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A Dad and the Undead

self-published author deals with fatherhood via zombies

Eric Christenson

BRAAAAAIIIIIIIIINS. Adam Oster likes to occasionally play around with genre cliches, but his zombie novella is more about a character dealing with fatherhood than rehashing old zombie tropes.
BRAAAAAIIIIIIIIINS. Adam Oster likes to occasionally play around with genre cliches, but his zombie novella is more about a character dealing with fatherhood than rehashing old zombie tropes.

Adam Oster deals with fatherhood a little differently. the Father of two’s latest novella tackles the topic head on ... and eats its brains.

In Daddy of the Dead, Bert Hamberg wakes up on a business trip in Chicago to the zombie apocalypse. Then he immediately drives to Menomonie in a blinding snowstorm, desperate to find his 4-year-old daughter after the massive outbreak. “It’s this unimaginable fear,” Oster said. “The idea is a father facing his fear to save his kid.”

The Eau Claire writer knew he wanted to write about fatherhood, and after one particular zombie-filled stress dream, knew the realm he wanted to write in. He said it started as a short story — he wanted to be about 8,000 words (readable in about 30 minutes) — but the idea grew and grew, he added characters, subplots, and ideas and now the book clocks in over 100 pages.

“I realized that I really like writing about zombies,” Oster said. “You can pretty much do whatever you want in that realm. I really started enjoying getting into it.”
The zombie genre is huge: Much like an actual outbreak, zombies are everywhere and kinda inescapable. While Oster watches The Walking Dead, his kids watch Paranorman.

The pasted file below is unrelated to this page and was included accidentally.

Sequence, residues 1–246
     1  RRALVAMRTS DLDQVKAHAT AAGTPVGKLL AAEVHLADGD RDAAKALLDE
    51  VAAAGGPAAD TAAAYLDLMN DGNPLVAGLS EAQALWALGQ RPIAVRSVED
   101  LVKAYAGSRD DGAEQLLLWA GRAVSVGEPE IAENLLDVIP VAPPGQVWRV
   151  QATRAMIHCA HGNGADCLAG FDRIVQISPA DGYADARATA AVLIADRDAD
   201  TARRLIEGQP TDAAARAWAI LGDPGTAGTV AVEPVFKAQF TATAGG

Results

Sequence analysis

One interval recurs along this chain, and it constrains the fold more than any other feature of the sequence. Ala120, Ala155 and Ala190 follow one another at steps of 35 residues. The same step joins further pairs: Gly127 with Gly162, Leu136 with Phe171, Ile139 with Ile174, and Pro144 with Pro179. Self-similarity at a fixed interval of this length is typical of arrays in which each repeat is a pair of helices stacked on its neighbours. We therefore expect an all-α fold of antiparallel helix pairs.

While he said he won’t read his novella to his kids yet (they’re 4 and 2), they’re well-aware of zombies. “It’s hard not to be,” Oster said. “They like to pull at my head and claim they’re eating my brains.”

Part of what comes with an idea so pervasive is that the zombie genre is typically riddled with clichés, but instead of falling into them or avoiding them entirely, Oster said he likes to play off of them, exaggerate them, or make them weirder – sometimes to the chagrin of fans of the genre.

But also, there are no pages on wasted on explaining what zombies are — readers know the rules — so Oster can get right to his characters.

“I like to work with clichés,” Oster said. “Daddy of the Dead really takes on those tropes and I like to run with it.”

If there’s a take-home (besides “don’t get your brains eaten by zombies”), the book is about dealing with fatherhood, stepping up to the plate and going to whatever lengths to make sure your loved ones are OK. “It’s really dealing with an emotion,” he said. “It doesn’t so much have a message as it does try to encapsulate what it is to be a father.”

Daddy of the Dead is available on Amazon.com. To learn more about Oster, visit fatmogul.com.

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